North Archives - May 13, 2008
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and Their Perfect Little Stepford State"
By David D. Demar
Regarding John McClaughry's
article posted on May 6th titled "Smart Growthers and their Perfect Little
State", I have to disagree with the title of his article, not his logic.
From my point of view, being a Vermonter who was born, raised and schooled
in Saint Albans (thankfully just before the "rot" set in), I wholeheartedly
agree with Mr. McClaughry's message. But I feel Mr. McClaughry's
article should have been titled, "No-Growthers and their perfect little
Stepford State". This would have been more accurate than smart growthers,
as the title of his article belies their real intent. Being in the
Pro-Life movement for the past decade (from a perspective of self-education
on the issue, I might add), I have come to realize the people on the left
really do hate other humans, but they have to make their message palpable
for the general public. The VNRC's website link to ZPG (Zero Population
Growth) and their true ideology lays bare for scrutiny their claimed concern
for our state and ultimately the mass of humanity within its boundaries.
By Martin Harris
indebted to one Peter Bernstein, octogenarian financial analyst, for remembering
a trenchant quote; and to The Wall Street Journal for publishing it. The
quote itself comes from (former New York State Governor) Elliot Spitzer,
a Democrat who had been successfully following a three-score-of-years-old
Republican-designed career path (Thomas Dewey, DA to Guv, then a try for
Prez derailed by one Harry Truman) until he was dismounted by a zipper
problem (Spitzer, not Dewey or Truman). The quote reads as follows: "I
am doing something dangerous, but because of who I am, and how smart I
am, it is not going to come back to haunt me". I thought the quote trenchant
because (opinion, as befits an opinion column) it seems to me that there’s
a lot of Spitzer-think, albeit not so clearly articulated, under Montpelier’s
Is At It Again
By John R.Gilligan
Once again I find I must
write and complain about an Argus Jeff Danziger cartoon. This one appeared
on the editorial page in the May 3rd edition of the Time Argus, showing
John McCain's skull cap turned up and showing his brain as a miniaturization
of President Bush standing in the cavity. Very funny liberal humor, ha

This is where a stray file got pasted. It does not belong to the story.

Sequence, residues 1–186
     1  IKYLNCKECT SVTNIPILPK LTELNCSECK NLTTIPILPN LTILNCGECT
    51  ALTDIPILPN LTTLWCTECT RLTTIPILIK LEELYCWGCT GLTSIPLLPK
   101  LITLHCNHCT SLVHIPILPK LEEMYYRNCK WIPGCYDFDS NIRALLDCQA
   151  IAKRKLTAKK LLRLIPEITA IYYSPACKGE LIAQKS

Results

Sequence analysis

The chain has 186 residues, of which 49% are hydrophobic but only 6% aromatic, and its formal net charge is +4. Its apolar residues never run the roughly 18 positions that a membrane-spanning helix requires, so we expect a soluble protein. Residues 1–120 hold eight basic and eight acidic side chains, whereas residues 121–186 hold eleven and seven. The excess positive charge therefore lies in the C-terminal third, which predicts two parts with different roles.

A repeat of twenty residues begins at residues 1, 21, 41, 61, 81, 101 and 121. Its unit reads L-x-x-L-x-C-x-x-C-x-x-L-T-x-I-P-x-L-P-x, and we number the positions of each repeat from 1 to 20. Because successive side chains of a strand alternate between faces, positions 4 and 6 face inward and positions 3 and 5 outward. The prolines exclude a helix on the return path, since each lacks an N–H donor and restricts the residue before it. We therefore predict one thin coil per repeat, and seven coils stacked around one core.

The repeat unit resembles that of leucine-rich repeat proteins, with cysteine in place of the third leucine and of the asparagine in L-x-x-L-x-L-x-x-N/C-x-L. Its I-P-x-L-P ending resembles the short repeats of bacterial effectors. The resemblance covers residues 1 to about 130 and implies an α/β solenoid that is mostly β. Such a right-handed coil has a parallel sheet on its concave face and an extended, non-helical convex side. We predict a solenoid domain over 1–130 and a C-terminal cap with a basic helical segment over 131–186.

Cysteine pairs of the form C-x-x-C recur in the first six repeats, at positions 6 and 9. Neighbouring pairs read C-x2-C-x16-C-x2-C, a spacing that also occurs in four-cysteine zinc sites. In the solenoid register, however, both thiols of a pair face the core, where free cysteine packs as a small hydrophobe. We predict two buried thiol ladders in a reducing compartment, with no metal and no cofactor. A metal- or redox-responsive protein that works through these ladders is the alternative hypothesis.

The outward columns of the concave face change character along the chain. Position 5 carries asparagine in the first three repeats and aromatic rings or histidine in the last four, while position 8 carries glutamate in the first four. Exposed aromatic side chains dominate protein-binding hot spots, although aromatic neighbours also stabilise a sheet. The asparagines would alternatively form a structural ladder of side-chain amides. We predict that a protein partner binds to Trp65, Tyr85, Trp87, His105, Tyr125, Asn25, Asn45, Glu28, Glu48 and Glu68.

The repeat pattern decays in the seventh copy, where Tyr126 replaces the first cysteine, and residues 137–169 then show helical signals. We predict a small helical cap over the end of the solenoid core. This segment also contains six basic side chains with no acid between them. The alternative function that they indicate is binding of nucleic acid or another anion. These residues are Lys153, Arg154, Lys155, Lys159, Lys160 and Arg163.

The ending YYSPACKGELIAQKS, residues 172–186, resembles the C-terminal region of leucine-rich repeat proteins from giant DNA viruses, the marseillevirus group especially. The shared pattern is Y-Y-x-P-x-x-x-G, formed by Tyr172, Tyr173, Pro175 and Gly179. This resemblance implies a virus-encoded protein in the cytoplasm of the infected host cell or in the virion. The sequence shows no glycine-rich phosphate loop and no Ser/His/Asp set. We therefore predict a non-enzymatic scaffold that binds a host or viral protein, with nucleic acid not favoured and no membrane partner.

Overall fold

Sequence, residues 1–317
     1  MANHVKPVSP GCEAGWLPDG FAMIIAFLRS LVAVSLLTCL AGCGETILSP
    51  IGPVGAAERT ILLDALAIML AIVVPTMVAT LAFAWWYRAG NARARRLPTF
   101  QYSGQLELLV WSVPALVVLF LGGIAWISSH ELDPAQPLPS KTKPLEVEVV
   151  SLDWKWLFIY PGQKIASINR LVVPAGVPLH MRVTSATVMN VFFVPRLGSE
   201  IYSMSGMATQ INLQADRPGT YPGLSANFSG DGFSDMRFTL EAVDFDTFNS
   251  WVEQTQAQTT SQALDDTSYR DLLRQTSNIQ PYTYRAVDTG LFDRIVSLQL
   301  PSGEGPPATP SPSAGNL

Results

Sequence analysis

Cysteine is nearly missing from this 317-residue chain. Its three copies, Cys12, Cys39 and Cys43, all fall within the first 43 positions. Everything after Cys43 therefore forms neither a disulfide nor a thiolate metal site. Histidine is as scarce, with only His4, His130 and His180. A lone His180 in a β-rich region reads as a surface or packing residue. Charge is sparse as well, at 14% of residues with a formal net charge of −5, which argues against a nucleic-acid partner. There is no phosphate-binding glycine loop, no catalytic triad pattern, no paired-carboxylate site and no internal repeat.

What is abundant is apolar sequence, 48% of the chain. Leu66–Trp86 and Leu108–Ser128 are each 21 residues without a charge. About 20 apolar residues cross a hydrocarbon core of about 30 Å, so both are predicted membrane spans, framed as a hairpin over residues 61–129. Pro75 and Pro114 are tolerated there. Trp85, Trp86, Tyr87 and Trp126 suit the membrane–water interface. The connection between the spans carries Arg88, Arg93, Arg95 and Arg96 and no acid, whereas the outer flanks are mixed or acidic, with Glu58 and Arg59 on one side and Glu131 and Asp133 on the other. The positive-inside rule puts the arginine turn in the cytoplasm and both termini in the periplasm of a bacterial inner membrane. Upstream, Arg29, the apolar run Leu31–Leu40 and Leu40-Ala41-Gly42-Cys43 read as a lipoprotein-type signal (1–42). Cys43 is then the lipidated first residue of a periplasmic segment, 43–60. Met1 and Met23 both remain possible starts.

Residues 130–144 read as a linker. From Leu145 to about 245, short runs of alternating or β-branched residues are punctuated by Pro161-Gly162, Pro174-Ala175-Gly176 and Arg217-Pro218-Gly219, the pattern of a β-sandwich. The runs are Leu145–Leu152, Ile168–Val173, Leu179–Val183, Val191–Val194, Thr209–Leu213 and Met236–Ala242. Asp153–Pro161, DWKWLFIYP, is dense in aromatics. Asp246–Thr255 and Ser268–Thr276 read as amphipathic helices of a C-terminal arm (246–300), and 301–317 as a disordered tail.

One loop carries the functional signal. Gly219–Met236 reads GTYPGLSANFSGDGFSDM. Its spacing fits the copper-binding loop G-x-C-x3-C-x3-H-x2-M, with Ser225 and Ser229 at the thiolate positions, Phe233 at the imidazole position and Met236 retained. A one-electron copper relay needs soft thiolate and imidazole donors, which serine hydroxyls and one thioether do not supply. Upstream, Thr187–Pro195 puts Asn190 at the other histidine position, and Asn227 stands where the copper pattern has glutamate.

# # #
"In war, resolution.
In defeat defiance. In victory, magnanimity. In peace, goodwill."
-- Winston Churchill
# # #
Weekly News Round-Up
2008 Session: Assessing The Damage
Caledonia Record Editorial,
May 5, 2008
Now that the Vermont Legislature
has adjourned, the villagers can come out of their houses, breathe a sigh
of relief, undertake a damage assessment and attempt to return to a normal
life without looking over their shoulder.
From VermontTiger.com, May
The Vermont Economic Progress
awarded $5.8 million in grants to help foster economic growth. The
Council considered seventeen applications for the grant but only approved
seven of them. Only really deserving companies received grants, companies
like Green Mountain Coffee Roasters, Burton, and Energizer. What's so telling
about the council's choice to give grants to such prominent and successful
companies is that doing so amounts to a tacit admission that without the
grants these companies would have chosen to expand their businesses elsewhere.
And, its an admission that the companies would have expanded elsewhere
for purely financial reasons. Alas, taxes do matter.
From WCAX-TV, May 7, 2008
Gov. Jim Douglas, R-Vermont,
vetoed what's become a controversial bill related to Vermont's only nuclear
power plant on Wednesday. The bill required Vermont Yankee's owners to
set aside enough money to dismantle the plant, if it changes ownership.
Sad Life of a Parasite
Caledonia Record Editorial,
May 3, 2008
Last year NEKCA's sister,
NEKHS (Northeast Kingdom Human Services) helped raise our shock threshold
for shameless over-indulgence with construction of their palace on Route
2. That agency, which pays its top two directors (Eric Grim and Luke Fontaine)
nearly $200,000 a year (and has another half-million dollars tied up in
five other employees), takes in almost $20,000,000 annually from the government
to provide "mental health services." Their racket does so well that, before
building, they forked out $238,000 for an architect. Those numbers nearly
sent us in search of their redundant services.
So we have become resigned
to the facts that: a) Parasitical agencies will shamelessly wallow at the
public trough and; b) Woefully incompetent feds will irresponsibly waste
our money. We're left to rely on locally elected representatives to safeguard
us from further fleecing.
Shumlin, Symington Blowing Off Vermont’s "Handshake Agreement" on Fundraising?
It appears that Gaye Symington’s
decision to cancel a June 26 veto override session was influenced by her
desire to begin fundraising from lobbyists for her expected gubernatorial
bid. Peter Shumlin’s attempted defense of Symington as reported by the
"Shumlin questioned whether
Vermont even has a campaign finance law now, given that Douglas has vetoed
bills on that topic two years in a row. ‘Why would we do anything
based around a campaign finance law that doesn't exist?’ Shumlin
May 7, 2008)
...is worrisome on two counts,
1) In 2006 all candidates
and parties successfully agreed to abide by the pre-1997 campaign finance
limits on donations. For 2008, Governor Douglas and the Vermont Republican
Party have agreed to abide by that agreement again. Saying, "Why would
we do anything based around a campaign finance law that doesn’t exist"